The 5 Love Languages of Children: The Secret to Loving Children Effectively
Updated: Apr 8, 2020
Title: 5 Love Languages for Children: The Secret to Loving Children Effectively
Author: Gary Chapman, PhD, and Ross Campbell, MD
Publisher: Northfield Publishing: Chicago, IL, 2016
What is a love language? And why is it important? According to authors Gary Chapman and Ross Campbell, a love language is the way a person best understands and receives love from others. When you regularly “speak” your child’s preferred love language, you fill his emotional tank to the brim with good lovin’. Daily doses lead to confidence, security, and joy, and embolden your child to reach his potential. Conversely, an empty tank often leads your child to misbehave as an attempt to get his emotional needs met. It can feel awkward to use your child’s main love language if it’s different than your own, so the authors give plenty of examples of how to do this. The languages include:
1. Physical touch: hugs, kisses, playful wrestling, holding hands, high fives, pats on the back, running your hand through your child’s hair. Boys need touch as much as girls, even as they get older, and even if they seem to rebuff it.
2. Words of affirmation: encouraging words that praise your child’s effort. Write notes to your child, sharing why you’re proud of her, and leave them around the house for her to find. Speak well of your child to others while she is present. Caution: Such words shouldn’t have a criticism or a caveat attached (“I love you, but I wish you would…” “You’re tall; you should play basketball.”).
3. Quality time: focused, undivided attention. Involves eye contact, one-on-one time, uninterrupted conversations. Examples are sharing family dinners, going on regular dates with your child, playing a sport or game together (rather than being a bystander while your child plays), sharing jokes, taking walks, reading together, gardening, making crafts together.
4. Gifts: symbols of love given unconditionally with no strings attached. Kids whose primary love language is gifts delight in the present’s packaging, find a special place to keep the gift, and show it off to friends and family members. Caution: If a parent doesn’t regularly practice the other love languages with her child, her youngster may view a gift as a means of manipulation (“If you do X, I’ll give you Y”). Gifts don’t have to be expensive and can include snacks, small toys, a special rock or flower, stickers, gum, any specially wrapped trinket with meaning attached to it.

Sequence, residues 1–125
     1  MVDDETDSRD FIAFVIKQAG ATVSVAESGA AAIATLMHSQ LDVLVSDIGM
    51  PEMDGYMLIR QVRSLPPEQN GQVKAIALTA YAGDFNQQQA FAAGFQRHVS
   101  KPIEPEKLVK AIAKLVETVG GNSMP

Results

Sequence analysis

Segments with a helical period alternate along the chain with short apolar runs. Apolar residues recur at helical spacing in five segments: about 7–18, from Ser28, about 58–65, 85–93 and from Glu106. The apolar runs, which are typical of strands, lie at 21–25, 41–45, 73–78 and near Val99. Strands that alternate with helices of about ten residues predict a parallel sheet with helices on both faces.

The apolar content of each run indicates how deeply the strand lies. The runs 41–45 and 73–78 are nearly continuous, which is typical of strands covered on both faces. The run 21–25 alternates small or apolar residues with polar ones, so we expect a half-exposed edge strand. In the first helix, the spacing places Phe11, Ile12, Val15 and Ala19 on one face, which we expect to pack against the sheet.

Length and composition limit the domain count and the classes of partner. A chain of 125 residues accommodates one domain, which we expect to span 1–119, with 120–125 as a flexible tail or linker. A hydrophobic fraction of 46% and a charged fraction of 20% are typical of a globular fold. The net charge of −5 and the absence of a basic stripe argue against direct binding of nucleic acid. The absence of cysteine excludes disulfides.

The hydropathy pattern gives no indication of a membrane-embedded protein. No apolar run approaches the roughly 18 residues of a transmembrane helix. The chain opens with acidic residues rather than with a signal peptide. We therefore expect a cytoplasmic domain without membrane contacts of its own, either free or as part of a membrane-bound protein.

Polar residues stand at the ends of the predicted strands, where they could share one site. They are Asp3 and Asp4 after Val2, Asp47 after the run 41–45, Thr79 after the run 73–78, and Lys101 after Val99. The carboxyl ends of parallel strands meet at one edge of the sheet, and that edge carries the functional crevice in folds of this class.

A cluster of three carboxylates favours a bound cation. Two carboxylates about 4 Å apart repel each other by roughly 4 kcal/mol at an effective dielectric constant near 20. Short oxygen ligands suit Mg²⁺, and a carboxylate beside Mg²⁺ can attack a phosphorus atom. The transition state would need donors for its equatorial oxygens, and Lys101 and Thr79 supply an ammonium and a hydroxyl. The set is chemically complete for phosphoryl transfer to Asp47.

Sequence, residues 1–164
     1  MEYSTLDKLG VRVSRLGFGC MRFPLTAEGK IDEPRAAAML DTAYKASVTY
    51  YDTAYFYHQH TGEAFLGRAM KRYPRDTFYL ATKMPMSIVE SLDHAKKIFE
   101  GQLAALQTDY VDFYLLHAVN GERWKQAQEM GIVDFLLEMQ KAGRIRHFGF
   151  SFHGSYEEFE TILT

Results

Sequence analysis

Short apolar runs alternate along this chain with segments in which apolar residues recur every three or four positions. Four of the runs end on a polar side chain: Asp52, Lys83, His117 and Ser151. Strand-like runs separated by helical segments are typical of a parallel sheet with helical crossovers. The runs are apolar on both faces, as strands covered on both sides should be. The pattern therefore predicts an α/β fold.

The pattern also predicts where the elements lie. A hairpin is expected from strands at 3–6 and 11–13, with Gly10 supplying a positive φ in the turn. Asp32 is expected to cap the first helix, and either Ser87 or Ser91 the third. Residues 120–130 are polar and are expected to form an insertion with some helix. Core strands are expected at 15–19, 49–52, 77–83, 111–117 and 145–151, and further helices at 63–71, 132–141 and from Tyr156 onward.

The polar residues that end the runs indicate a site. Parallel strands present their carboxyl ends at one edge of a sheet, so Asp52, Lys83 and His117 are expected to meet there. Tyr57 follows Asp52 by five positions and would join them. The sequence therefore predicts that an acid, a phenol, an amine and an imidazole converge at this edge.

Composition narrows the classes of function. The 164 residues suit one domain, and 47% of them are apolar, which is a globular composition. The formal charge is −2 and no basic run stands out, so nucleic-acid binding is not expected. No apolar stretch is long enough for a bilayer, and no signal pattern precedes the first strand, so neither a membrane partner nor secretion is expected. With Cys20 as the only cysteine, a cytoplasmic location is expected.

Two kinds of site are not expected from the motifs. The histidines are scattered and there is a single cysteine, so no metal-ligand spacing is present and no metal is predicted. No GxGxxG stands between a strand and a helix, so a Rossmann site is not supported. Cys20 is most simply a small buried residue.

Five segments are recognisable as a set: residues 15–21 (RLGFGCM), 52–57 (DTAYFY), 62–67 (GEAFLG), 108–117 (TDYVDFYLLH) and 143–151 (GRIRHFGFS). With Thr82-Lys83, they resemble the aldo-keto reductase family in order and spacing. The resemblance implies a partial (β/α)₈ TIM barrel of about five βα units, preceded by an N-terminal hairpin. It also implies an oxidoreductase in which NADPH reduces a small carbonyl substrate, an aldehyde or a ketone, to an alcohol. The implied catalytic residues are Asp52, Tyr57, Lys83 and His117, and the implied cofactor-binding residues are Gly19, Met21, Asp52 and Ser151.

5. Acts of service: loving service done freely in the spirit of doing what’s best for another person, without resentment. Examples include helping with homework, assisting with chores when the child actually needs help, helping practice a sport, making a special meal, fixing a toy. Caution: If acts of service aren’t done in conjunction with the other love languages, a child could get stuck in the selfish, immature habit of expecting others to do things for him.
A child’s primary love language can change, especially during adolescence, so it takes time to discern. Try different approaches to discover a pattern. Pay attention to how your child expresses love to others. Observe what your child most requests and most complains about. Give your child options, like going to a park (quality time) or getting help studying (act of service). The book includes a list of such choices that are age appropriate, from 6 years old through the teens.
It’s important to note there’s a difference between conditional love and unconditional love. Chapman and Campbell point out that conditional love “is based on performance.” If you only act lovingly toward your child when he does what you want, he won’t really feel loved. He’ll feel insecure, anxious, and withdrawn; struggle in relationships; and lack maturity.
Unconditional love, on the other hand, “accepts and confirms a child for who he is, not for what he does,” the authors state. It “shows love to a child no matter what…True unconditional love will never spoil a child because it is impossible for parents to give too much of it.” This doesn’t mean you won’t run into problems. That’s part of life. It does mean your child will have solid foundation from which to mature on the path to success.
The book also covers the difference between discipline and punishment; speaking love languages in single-parent families; and speaking love languages in marriage.
About the Authors
Gary Chapman is a well-known author, counselor, and director of Marriage and Family Life Consultants Inc. His radio program airs on 400+ stations. Ross Campbell, also a best-selling author and has been a clinical psychiatrist for 30+ years, focusing on parent-child relationships.